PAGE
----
I’ll take the car out tomorrow and get the trim/MAF from my OBD reader


#9

Small update: after about 40 minutes of driving my short trim was -0.8 and long trim was -3.1, kinda high I suppose but within tolerance.

I’ve also noticed that, when acting up, the transmission seems to occasionally shift erratically, upshifting when letting the throttle out at highway speed for instance. Again, though, about 3 or 4 full pumps of the throttle makes all the problems (temporarily) going away. Since the TPS is only months old, could this be a pedal position sensor issue?

Also, here’s a total summary of my issues:

-At very low pedal pressure (less than 10% or so) car seems to sputter, lurch rapidly until I press the pedal further, after which it works fine. Accelerated like a dream

-When letting the pedal out at high speed, occasionally odd transmission shifting behaviour such as upshifting while decelerating

-No error codes, and my trim is -3.1. Furthermore, ALL problems go away temporarily if I pump the accelerator to the floor several times before starting the car. However, they will return in about 15 minutes.

What the heck could be causing this?


#10

One LAST update:

To clarify, I don’t mean “sputtering” in the sense of the car almost being out of gas, or that cartoon-like “pfft-pfft-p-pfft” sound. It’s almost as if, momentarily, the engine stops delivering power for a split second, only to return to normal again. It happens with such speed and regularity that it almost (at some but not all times) feels like a clutch that is rapidly grabbing and slipping.


#11

Your fuel trim data is ok & suggest the problem isn’t a vacuum leak or overly lean operation. Still a good idea to measure the intake manifold vacuum at idle, easy enough to do. But it looks like the problem must be something else. It is starting to sound more and more like a transmission related problem. The transmission has to do a lot of fine tuning to do at low throttle, so it could be an engine or transmission sensor has failed. Usually that would throw a code. But not always. Throttle position sensor failures often don’t throw a code for example. But you’ve already replaced that as I recall, so pretty unlikely the replacement is failing. Still, if I had this problem I’d remove the TPS connector and carefully measure the ohm reading between pins 1 and 2. I’d want to verify it changes smoothly, with no glitches, from 710 ohms to 2.7 k ohms as the throttle pedal is moved from idle to wide open. Suggest to verify the transmission fluid is correct also. If a routine trans fluid change-out is due, now’s a good time to do it.


#12

Thanks for your input, I really appreciate it.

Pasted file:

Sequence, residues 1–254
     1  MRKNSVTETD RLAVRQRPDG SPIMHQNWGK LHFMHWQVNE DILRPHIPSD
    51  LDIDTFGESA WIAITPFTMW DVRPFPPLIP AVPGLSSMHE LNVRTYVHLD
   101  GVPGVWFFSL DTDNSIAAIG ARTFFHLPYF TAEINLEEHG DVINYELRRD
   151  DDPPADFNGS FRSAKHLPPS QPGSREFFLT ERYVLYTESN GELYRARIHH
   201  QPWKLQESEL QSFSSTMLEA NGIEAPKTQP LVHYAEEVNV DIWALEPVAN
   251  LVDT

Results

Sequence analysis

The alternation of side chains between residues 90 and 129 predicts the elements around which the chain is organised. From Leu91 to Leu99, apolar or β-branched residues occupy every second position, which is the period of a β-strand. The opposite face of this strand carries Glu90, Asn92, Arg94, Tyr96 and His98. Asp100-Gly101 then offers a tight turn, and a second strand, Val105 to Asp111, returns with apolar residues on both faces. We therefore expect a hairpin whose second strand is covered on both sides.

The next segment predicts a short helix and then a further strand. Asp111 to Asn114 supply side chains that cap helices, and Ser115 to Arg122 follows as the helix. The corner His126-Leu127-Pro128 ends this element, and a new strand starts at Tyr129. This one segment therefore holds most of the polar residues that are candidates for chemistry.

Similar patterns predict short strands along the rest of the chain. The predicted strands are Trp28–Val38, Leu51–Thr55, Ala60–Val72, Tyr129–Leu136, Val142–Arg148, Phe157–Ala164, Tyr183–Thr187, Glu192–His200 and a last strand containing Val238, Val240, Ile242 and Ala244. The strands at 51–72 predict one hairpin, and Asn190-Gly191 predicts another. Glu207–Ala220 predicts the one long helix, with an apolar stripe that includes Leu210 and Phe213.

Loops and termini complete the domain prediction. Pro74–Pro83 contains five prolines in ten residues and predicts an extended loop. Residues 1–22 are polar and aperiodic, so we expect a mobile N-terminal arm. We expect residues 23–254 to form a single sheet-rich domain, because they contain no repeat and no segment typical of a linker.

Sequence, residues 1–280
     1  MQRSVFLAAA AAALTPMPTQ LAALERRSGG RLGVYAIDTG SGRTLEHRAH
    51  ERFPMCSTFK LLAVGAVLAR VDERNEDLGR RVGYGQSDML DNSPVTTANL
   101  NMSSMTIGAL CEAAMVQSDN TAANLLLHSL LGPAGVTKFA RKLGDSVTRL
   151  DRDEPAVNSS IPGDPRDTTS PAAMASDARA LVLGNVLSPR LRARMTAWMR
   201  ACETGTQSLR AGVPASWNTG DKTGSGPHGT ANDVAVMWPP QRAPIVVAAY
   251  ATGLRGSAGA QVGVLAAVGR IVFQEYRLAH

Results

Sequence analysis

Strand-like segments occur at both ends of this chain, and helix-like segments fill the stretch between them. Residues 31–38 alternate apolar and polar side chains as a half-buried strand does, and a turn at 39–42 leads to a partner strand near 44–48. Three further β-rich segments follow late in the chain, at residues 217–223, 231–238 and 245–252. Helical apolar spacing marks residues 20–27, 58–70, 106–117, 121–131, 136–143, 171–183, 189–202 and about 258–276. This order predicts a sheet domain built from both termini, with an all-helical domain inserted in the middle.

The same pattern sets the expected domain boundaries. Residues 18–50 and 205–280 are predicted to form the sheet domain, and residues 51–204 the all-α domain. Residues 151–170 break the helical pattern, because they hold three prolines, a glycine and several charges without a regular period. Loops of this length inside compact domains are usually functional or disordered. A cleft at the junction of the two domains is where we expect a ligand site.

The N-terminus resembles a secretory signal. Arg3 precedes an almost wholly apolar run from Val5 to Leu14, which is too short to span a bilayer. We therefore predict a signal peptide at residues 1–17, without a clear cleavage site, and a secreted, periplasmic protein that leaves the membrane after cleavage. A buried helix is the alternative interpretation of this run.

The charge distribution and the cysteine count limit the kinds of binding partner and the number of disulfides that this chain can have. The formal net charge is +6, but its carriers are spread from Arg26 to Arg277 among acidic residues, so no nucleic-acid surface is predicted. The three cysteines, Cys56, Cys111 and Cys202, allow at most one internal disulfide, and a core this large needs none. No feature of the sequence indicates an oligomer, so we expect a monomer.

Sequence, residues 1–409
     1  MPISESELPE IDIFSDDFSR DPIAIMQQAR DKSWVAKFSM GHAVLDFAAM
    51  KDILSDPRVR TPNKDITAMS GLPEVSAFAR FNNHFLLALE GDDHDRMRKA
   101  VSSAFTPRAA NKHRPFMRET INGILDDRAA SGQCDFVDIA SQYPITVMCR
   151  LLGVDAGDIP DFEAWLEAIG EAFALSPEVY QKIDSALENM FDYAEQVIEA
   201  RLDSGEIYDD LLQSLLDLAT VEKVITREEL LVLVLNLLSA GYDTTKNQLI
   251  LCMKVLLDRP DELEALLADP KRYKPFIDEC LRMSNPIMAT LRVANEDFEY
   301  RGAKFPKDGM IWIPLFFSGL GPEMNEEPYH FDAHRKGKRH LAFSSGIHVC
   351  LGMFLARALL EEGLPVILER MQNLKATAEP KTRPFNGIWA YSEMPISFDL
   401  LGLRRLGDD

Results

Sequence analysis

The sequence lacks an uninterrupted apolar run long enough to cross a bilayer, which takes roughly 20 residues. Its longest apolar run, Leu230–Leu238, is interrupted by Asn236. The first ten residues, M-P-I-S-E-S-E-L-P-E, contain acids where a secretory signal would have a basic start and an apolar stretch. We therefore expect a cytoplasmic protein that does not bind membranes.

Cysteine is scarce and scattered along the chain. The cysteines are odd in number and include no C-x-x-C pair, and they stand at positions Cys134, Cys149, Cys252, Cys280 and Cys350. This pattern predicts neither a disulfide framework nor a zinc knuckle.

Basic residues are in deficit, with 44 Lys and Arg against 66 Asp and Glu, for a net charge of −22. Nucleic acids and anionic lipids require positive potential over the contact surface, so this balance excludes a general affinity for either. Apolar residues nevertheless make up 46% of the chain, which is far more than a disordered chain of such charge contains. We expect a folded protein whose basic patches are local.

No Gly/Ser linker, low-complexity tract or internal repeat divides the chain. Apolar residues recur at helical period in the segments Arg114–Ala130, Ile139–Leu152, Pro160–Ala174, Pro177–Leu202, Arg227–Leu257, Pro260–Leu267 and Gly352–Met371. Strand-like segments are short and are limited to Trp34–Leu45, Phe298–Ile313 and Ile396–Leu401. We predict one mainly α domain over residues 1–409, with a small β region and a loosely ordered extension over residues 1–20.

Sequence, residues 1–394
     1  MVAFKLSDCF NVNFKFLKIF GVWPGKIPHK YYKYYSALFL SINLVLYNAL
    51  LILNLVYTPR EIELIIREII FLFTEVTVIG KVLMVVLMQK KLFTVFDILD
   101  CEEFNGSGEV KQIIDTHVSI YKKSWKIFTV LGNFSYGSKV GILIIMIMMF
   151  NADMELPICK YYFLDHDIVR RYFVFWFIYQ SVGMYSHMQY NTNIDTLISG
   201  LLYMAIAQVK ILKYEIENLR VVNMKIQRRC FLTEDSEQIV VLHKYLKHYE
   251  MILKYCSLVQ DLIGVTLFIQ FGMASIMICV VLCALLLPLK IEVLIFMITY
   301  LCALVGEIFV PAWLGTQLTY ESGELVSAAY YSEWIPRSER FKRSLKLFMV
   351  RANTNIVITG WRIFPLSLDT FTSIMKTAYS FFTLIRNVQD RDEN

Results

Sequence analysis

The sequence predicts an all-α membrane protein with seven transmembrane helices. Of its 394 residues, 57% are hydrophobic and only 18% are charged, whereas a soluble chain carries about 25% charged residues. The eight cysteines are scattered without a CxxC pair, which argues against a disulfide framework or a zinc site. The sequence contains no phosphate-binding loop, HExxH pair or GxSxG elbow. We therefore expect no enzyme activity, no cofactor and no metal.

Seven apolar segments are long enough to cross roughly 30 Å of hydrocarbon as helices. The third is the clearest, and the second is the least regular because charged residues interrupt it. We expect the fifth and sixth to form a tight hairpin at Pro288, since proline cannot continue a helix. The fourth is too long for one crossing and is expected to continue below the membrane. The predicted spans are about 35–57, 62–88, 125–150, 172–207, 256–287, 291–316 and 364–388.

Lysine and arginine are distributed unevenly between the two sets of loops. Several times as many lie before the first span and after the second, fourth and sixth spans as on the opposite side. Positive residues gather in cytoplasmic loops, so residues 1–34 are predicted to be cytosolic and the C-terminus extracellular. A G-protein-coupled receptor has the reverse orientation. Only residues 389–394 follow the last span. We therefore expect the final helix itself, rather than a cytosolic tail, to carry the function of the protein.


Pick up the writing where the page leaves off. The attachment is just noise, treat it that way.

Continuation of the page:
Just took it in for oil/filter change as well as changed the trans fluid. The fluid was quite black, so it was probably high time to change it.

Unfortunately my issue still persists. One thing: when doing a rev test at the garage, I pushed the throttle slowly and smoothly and got it to about 1500, where it plateaued for a little over a second despite me increasing throttle. Finally, with a bit more pressing the engine jumped up to about 2500 instead of smoothly spooling up to that speed. The throttle doesn’t “feel” sticky, but it certainly feels like I had to clear a certain threshold before the engine snapped to the rpm I was demanding of it.

I still haven’t tested the TPS (I don’t have a voltmeter and apparently garages don’t routinely have scopes anymore) but I’ll look into getting pins 1 and 2 tested for smooth scaling up of resistance.

Sorry to bug you again but… any other ideas?


#13

You plan is what I’d do next in that situation. Your observation that during a driveway idle test the engine rpm doesn’t increase smoothly as you press more and more on the gas pedal may be an important clue to what’s going on. I’m surprised that garages seldom use o’scopes. You’d think they’d need them more now than before all the computer electronics. I suppose the problem is techs trained to use o’scopes aren’t very common.


#14

Update after a few weeks of inactivity…

I got tired of waiting around to check my TPS for faults, so I went ahead and found a $20 replacement sensor. After plugging it in and driving around 20 km of city driving, the car drives completely without issue.

What the hell? Not one, but TWO faulty throttle position sensors? If this one starts going as well, should I be checking to see if foreign material is poking through from the throttle body or something?

Anyways, thanks so much https://community.cartalk.com/u/George_San_Jose1 for all your help, I really appreciate it!